SKOWHEGAN — The Board of Selectmen now has funding to hire experts to help the town’s case as negotiations continue over a possible tax break for the town’s biggest taxpayer.

Town Meeting voters this week gave selectmen the authority to spend up to $300,000 for appraisal costs and legal fees in any revaluation of the tax assessment for the Sappi Fine Paper North America mill on U.S. Route 201.

Sappi is Skowhegan’s biggest taxpayer, paying 53 percent of all the property taxes collected by the town. Skowhegan officials and Sappi representatives have started talks on possible revaluation of the value of the mill in light of economic changes in the paper industry.

The vote, called a contingency by the town’s assistant to the Board of Assessors, Bill Van Tuinen, was unanimous, but came after considerable discussion at Monday’s meeting. The money may not be needed if the town and the paper company can reach an agreement on what the value of the mill and equipment, but residents agreed that having the money ready is a good idea, residents agreed.

“There’s a disagreement about what the value should be,” Van Tuinen told the audience, which numbered close to 100. “Both sides agree the demand for paper is diminished — the disagreement at this point is a disagreement of degree.”

Van Tuinen said if the current stalemate moves to a point where the paper company asks for an abatement, or refund, on previously paid taxes, the town will have the money to defend its point of view and pay for a fair appraisal of the mill.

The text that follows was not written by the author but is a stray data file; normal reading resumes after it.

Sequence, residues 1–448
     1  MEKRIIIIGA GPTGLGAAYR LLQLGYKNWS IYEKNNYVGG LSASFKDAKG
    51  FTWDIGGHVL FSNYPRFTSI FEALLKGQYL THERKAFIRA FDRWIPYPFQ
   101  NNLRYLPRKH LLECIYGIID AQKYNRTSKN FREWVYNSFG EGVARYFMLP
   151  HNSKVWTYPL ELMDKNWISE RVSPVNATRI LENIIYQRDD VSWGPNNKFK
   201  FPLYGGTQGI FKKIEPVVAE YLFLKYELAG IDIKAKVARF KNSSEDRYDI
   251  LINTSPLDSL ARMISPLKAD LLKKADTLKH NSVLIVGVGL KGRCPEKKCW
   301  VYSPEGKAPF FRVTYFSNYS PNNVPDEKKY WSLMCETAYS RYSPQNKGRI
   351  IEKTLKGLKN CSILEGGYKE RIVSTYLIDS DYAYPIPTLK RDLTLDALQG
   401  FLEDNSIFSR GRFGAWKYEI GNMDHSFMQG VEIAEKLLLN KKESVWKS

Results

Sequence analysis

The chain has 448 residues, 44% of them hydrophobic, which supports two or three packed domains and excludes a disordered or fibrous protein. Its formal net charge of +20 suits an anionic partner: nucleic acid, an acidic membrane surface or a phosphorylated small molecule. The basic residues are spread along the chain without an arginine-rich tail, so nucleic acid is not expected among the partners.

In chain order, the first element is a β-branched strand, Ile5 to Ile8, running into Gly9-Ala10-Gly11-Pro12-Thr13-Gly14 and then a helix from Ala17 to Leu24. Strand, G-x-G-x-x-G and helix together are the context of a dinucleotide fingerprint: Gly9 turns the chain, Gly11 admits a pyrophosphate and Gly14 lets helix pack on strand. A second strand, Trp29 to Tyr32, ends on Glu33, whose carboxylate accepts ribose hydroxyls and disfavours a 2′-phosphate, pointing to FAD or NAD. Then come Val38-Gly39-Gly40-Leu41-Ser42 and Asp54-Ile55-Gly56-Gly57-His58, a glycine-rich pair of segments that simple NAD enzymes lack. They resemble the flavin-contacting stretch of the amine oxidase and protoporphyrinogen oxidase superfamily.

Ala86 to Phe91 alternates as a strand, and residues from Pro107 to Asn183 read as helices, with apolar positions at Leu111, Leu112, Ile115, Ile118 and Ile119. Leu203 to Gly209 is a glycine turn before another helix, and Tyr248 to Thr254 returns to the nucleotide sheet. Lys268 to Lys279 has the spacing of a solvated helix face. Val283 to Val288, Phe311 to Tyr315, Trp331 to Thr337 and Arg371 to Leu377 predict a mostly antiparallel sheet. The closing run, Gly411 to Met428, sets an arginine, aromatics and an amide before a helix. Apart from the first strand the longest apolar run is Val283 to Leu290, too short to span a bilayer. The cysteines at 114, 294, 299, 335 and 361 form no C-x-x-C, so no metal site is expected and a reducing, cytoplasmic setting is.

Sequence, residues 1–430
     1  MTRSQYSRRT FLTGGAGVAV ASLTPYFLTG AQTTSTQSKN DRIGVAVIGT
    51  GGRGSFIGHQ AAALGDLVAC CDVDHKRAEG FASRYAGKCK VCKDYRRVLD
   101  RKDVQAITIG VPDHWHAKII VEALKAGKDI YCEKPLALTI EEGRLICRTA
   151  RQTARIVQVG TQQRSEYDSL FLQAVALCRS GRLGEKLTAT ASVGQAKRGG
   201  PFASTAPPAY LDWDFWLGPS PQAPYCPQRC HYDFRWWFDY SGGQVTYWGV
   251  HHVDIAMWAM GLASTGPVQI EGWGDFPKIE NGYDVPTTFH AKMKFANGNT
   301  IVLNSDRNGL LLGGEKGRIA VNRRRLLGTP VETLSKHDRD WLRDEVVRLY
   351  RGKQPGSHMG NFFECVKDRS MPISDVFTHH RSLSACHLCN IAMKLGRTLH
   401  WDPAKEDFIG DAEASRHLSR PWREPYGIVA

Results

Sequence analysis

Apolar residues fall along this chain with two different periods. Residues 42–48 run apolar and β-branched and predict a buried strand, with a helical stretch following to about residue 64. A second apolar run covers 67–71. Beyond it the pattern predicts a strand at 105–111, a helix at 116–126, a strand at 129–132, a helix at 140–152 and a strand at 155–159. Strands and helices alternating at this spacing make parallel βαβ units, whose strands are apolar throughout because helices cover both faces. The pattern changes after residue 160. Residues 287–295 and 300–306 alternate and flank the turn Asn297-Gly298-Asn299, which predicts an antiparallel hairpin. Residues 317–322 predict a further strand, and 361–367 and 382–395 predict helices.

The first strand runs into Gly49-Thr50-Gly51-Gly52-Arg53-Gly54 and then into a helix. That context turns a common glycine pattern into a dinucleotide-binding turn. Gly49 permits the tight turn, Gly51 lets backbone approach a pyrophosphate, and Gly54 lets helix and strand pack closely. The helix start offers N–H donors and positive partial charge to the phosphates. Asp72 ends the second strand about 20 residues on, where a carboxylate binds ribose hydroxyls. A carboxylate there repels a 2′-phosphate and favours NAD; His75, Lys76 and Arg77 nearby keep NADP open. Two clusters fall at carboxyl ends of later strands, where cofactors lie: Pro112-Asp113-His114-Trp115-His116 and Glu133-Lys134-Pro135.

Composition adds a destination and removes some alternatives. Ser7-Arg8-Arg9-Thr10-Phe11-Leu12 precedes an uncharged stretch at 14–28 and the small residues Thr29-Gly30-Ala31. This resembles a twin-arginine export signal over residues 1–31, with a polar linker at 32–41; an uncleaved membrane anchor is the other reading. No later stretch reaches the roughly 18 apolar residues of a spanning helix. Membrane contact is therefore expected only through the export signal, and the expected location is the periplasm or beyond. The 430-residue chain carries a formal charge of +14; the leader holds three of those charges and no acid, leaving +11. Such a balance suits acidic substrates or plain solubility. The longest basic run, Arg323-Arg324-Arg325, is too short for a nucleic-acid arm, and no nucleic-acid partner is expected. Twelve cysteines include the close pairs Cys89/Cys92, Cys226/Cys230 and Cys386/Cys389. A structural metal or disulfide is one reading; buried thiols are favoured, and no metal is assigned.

He said negotiations are not a matter of public record, but assured taxpayers that the parties are “reasonably far apart” on how much the mill should be assessed.

The money, if approved by voters, would come from the town’s assessing reserve account.

Sappi’s Skowhegan real estate and personal property is currently valued at $567 million, according to town records. The company paid $9.3 million in property taxes last year, or about 53 percent of the entire tax commitment for Skowhegan.

David Summers, of the Board of Assessors, recommended passage of the article.

“We have to be prepared for lawyers from New York,” he said, and for assessors from other states who are coming to Skowhegan on behalf of Sappi.

In earlier voting at the Town Meeting Monday night, residents agreed overwhelmingly to take $1 million from town surplus accounts to offset taxes in the coming year, leaving $2.9 million in surplus to be used when needed.

The final municipal budget given final approval Monday, not including the county tax or the town’s share of school spending, comes in at $8,978,164.

The fiscal year begins July 1.

Doug Harlow — 612-2367

[email protected]

Twitter: @Doug_Harlow


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